From The Armchair: Breezing Through The Backlog

ArmchairThe traditional ‘summer games drought’ comes as something of a relief for those, like I, who are imbued with a phenomenal gaming backlog. It’s a chance to dust off some unplayed titles and finally give them some time in the gaming spotlight before the inevitable deluge of games arrives in time for Christmas.

Then again, the summer games droughts of today are nothing like those in the past – even during the hottest months (or coldest months, if you’re down under), we still have a steady dripfeed of decent games thanks to the astonishing proliferation of games in recent years. A couple of titles have piqued my interest recently – notably Fire Emblem Fates and Tokyo Mirage Sessions: FE. In fact, I was most annoyed to have missed out on buying the lovely special edition of the latter (Amazon link here), only learning of its existence after it had sold out. I don’t normally go in for these types of thing, but I loved the Project Zero: Maiden of Black Water special edition, and I’m most miffed that the Tokyo Mirage Sessions one evaded my grasp – and now goes for silly money.

Look at it. It's so beeeaaauuuutiful.
Look at it. It’s so beeeaaauuuutiful.

Still, I’ll get around to buying both games eventually – along with No Man’s Sky, which I’m fairly certain I’ll enjoy, even if it utterly failed to float Sir Gaulian’s boat. And speaking of No Man’s Sky, one reason that I’m racing through my backlog is to sell my finished games and put the money towards buying a PS4, so I can finally, FINALLY, join the current generation.

I wrote about Journey and Uncharted 2 earlier this week after finishing them, but I’ve also dipped back in to Killzone 3, which came bundled with my PS3. I’d previously played about two-thirds of it before eventually drifting away, and I headed back in last week with the idea of finishing it. But in the end I decided I just didn’t have the patience to see the whole thing to the end. It’s an odd game really – despite being set in space, it feels more like a Call of Duty game thanks to its preoccupation with military tech, and the way it features lots of soldiers shouting at each other in military speak. It also reminded me a little of Gears of War, except the protagonists are instantly forgettable, unlike Marcus Fenix and company. It also sorely lacks great big ugly aliens.

Pew pew pew pew pew pew!
Pew pew pew pew pew pew!

Still I was grinning at the ludicrousness of the Helghast, a.k.a. Nazis in space. The ridiculousness of the setting made it feel like an entertaining B movie, along the lines of Iron Sky. I was also impressed with the graphics, which still look astonishingly good after five years. But in the end, as I fought my way through various factories and corridors, I just realised I wasn’t enjoying myself very much. It felt like a battle of attrition, lacking the light touch of Halo’s better entries, and not sufficiently OTT to rival Gears of War‘s better moments.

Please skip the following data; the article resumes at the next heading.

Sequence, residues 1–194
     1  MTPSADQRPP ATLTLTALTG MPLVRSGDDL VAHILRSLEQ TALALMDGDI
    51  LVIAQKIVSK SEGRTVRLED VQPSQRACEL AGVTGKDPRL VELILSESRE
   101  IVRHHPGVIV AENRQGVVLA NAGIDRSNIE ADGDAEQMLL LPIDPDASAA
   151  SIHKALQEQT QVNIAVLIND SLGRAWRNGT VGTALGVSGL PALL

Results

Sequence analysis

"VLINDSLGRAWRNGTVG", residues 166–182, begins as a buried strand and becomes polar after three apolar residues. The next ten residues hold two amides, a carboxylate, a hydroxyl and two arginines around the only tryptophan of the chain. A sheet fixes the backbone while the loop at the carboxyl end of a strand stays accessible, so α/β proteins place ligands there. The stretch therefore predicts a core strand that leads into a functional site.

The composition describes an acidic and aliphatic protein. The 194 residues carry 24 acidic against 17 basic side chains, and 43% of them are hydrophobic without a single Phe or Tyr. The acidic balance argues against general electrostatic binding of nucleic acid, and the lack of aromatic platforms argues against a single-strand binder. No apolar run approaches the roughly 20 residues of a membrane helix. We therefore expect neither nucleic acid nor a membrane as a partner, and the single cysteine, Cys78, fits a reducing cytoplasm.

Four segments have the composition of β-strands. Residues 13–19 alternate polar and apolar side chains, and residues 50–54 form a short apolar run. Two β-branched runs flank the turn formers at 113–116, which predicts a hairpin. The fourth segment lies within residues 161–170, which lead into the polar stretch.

It’s basically just OK. Not bad, but not amazingly good either. And judging by my reaction to it, I doubt I’ll bother playing Killzone 2, which I picked up for an absolute pittance a couple of years ago.

Last week I also dived into Sonic Generations, which is reputed to be one of the better Sonic games of recent years. The hook this time is that you get to play as classic Sonic on 2D levels as well as modern Sonic in 3D, the latter with his trademark skinny legs and beach-ready tummy.

"Where are we going?" "Do you mean direction-wise, or as a franchise?"
“Where are we going?” “I don’t know!” “That’s the problem!”

It’s no secret that Sega have struggled to recreate the highs of 1990s Sonic games, but I’m of the opinion that even those early efforts weren’t all that great. They were fun to play at the time, but ultimately the gameplay is incredibly shallow. And the concept also seems to be fundamentally flawed – the main fun to be had is in going really fast, but going at any sort of speed in the 2D levels means that you simply can’t see any obstacles in your way. Sonic Generations‘ solution is to feature lots of on rails segments where you travel at phenomenal speeds but basically have little or no control of where you’re going.

I played through the first few levels, and they were pretty good fun, but I felt my interest fade very quickly. I bought the game a while back, thinking that perhaps this would be the one that might finally make me ‘get’ Sonic. But I’m still mystified as to the appeal. And as I finally realised a while ago, I just don’t like 2D platformers that much.

So, having knocked off a few games from The Mantelpiece, I’m scanning the teetering pile for my next target. I’m on a roll now – could this finally be the year when I clear out my gaming backlog? Possibly. Although there’s always the danger that I’ll just end up buying more… Ooooh, look, Virtue’s Last Reward is down to £9.99 on the Nintendo eShop!